origin: this.mxform,
                    callback: function(response) {
                        // no MxObject expected
                    error: function(error) 

          } ); 
       , this.socket.connected, this._WIDGET_VERSION);


    uninitialize() {
        //close the connection
        this.socket.close();, 'Uninitialized?   ' + this.socket.disconnected, this._WIDGET_VERSION);

Once that’s done you can build your widget using the command “gulp build.” A copy of the widget will be in the dist folder, and you can move that to your Mendix project.


Testing our widget

 Now it’s time to test what we built. Make a slight change to the microflow that you originally built to call our rest service. Add a parameter for the object that you want to use, and then use the community commons java action to get the GUID of the object. Then use that value with your export mapping when calling your rest service.


Then if you haven’t done so already, create new/edit pages for the datagrid on the homepage. Now we can put our new widget on this new/edit page and configure it.

Side note: add the content-type: application/json header to your rest call.

Part 1 widget configuration

Part 1 widget configuration

Part 2 Widget Configuration

Part 2 Widget Configuration

The refresh data microflow has a parameter for the entity object and uses the change object with the setting “refresh in client” set to yes.

Example Refresh Data Microflow

Example Refresh Data Microflow


Then we can either replace the default save button with a microflow that commits the entity object, calls the rest service, and closes the page, or we can add an after-commit event handler to call our rest service. Either will work for our case.

Now let’s run our app and open it up in the browser. First create an object to test with. To make sure that the widget is working you can open the dev tools (I use chrome) and enable debugging for the library. Run this command in the console:

localStorage.debug = '*';

Then click refresh to make sure that your client is connected to our Feathers app. You should see something similar to this:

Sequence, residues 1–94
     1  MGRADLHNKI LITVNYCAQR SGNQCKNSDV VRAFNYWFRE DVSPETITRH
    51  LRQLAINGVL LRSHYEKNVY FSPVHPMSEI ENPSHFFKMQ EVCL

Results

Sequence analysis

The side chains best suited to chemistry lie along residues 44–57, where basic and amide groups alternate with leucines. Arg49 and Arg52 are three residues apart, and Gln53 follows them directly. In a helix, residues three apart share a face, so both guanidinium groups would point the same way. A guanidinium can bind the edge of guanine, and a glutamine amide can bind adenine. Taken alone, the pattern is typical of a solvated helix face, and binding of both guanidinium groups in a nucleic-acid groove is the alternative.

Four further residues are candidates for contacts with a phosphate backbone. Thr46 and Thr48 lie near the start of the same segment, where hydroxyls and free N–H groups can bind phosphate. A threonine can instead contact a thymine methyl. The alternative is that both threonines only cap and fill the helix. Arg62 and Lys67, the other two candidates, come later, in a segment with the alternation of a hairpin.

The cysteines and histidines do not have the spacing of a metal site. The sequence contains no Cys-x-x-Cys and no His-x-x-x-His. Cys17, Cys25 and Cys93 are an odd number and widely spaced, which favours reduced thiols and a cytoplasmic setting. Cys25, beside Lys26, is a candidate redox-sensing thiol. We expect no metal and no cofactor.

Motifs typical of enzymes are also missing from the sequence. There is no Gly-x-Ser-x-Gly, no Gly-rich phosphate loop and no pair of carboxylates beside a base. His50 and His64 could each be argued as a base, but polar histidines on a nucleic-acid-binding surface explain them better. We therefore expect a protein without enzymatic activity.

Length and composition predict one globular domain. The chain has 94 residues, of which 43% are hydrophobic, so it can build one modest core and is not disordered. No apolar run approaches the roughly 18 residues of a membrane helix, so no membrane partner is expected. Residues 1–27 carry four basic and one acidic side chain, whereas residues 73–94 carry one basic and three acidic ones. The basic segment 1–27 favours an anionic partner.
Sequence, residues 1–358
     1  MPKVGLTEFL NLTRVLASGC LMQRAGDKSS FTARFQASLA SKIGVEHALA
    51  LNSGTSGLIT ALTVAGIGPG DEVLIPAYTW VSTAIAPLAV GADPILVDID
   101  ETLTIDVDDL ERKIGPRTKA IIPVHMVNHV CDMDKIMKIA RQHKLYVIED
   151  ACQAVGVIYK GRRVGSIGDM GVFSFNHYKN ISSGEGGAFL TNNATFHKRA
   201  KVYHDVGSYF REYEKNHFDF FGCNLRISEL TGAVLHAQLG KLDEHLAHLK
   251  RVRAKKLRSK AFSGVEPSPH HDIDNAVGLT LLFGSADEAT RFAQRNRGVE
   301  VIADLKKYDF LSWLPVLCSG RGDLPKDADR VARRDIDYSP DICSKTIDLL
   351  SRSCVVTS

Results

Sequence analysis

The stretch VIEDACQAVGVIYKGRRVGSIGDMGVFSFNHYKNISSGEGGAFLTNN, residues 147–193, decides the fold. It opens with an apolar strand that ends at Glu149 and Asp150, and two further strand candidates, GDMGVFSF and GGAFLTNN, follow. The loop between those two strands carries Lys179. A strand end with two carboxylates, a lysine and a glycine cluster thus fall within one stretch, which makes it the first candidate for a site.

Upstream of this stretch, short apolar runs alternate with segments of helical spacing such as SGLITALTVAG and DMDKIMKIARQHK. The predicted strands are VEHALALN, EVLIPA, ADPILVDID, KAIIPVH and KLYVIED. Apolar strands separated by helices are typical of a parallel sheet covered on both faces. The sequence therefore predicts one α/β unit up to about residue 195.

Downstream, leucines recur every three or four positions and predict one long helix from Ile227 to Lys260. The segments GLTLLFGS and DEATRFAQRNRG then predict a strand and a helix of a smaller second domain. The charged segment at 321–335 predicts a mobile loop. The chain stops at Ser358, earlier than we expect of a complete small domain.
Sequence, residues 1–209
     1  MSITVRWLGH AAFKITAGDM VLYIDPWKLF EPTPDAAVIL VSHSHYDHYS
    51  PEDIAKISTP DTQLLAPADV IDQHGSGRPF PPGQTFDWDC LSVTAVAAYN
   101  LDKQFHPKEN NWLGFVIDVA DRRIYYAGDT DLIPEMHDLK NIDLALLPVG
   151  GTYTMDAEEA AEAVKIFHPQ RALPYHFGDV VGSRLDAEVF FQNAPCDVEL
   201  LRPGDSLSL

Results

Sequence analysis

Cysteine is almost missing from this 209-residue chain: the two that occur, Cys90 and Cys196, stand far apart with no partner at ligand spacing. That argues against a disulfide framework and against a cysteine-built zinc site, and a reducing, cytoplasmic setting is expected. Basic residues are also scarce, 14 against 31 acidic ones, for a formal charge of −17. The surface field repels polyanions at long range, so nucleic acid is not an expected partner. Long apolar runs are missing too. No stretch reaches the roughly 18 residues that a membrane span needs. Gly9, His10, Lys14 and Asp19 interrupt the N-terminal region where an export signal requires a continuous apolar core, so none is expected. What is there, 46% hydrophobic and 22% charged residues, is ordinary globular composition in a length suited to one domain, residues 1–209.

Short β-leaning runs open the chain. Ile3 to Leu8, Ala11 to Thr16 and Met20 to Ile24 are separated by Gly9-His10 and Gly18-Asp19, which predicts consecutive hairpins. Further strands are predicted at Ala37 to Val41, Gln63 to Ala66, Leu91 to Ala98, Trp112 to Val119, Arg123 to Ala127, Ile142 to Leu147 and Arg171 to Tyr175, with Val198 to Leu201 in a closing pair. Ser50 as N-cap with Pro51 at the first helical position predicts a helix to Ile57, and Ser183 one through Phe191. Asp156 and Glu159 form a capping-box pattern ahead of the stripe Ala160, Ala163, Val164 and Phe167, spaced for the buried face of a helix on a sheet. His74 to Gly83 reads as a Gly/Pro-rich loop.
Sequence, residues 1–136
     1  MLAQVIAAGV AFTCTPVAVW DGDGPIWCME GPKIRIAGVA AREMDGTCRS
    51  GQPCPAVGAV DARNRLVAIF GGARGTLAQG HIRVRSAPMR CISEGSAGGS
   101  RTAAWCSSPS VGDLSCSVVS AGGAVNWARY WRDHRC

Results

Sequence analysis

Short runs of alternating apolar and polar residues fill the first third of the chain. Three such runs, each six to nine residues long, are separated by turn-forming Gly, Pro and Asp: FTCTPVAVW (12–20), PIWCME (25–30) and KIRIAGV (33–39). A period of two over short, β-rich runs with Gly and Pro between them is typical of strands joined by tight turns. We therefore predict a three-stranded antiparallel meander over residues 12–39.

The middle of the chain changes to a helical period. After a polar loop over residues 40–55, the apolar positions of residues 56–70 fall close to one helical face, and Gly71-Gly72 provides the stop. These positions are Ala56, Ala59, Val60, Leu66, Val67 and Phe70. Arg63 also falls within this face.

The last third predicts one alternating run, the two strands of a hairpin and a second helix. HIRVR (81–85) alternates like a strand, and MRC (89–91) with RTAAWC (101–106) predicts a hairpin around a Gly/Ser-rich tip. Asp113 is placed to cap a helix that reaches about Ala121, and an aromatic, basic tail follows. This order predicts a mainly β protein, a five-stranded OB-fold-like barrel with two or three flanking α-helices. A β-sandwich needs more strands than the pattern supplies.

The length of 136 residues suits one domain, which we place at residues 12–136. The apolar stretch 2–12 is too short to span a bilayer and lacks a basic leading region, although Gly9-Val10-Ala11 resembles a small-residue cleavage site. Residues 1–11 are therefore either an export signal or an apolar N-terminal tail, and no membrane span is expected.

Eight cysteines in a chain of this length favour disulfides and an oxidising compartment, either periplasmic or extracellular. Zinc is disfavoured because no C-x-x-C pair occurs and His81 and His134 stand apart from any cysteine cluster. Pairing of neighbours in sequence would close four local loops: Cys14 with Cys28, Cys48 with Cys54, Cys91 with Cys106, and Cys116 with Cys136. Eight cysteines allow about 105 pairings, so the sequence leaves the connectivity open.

Navigating the SOCKET.IO Debug Messages

Navigating the SOCKET.IO Debug Messages


What we want to see here is that the transport is open from the


And once that object is created, open up the app again in an incognito browser or a separate browser. In both browsers open the same record. In the first browser make a change to the record and hit save, in the second browser watch how the data is updated without touching the screen.



With all of this built what would be some potential next steps?

  • ·         Authentication - Adding authentication to secure our API’s would be a good idea. Feathers supports using JWT for authentication so we can take advantage of the JWT module in the Appstore.

  • ·         Scaling - Currently our Feathers app is running on a single thread but Feathers supports horizontal scaling so we can utilize workers to handle multiple requests at once.

  • ·         Events – I think some time should be set aside researching the best practice around sending updates to clients from our Feathers app. Right now, we are using one service and every update is sent to every client. We handled this is in our Mendix widget but I’m not sure of the performance impact of this is. A possible solution would to utilize multiple services since they are easy to create.

  • ·         Java action – I think our sub microflow that calls our rest service should be replaced with a java action. That way any object can be passed as a parameter to the java action rather than creating a new sub-microflow for every entity type.


Real word applications?

  • ·         Any dashboard that you want to be real time without having a user constantly refresh their page or click a button to refresh their data.

  • ·         For complex forms that get worked on by multiple people, a user can send updates to a form while another user is filling it out (reloading the data using mxreloadwithstate() client api).

  • ·         Locking Mechanism – Sometimes you are faced with a requirement to create a “locked” state for a record. This can be used to update the status of a record on a user’s page without having to constantly refresh the page.

  • ·         Chat Application – I made a chat room with this POC, you can check it out here.


If you can think of any other applications for this let me know in the comments. 


The example code for everything we just built can be found on my github. Follow these links if you want to check it out:

Widget Example:

Node App Example:

Mendix Test App Example: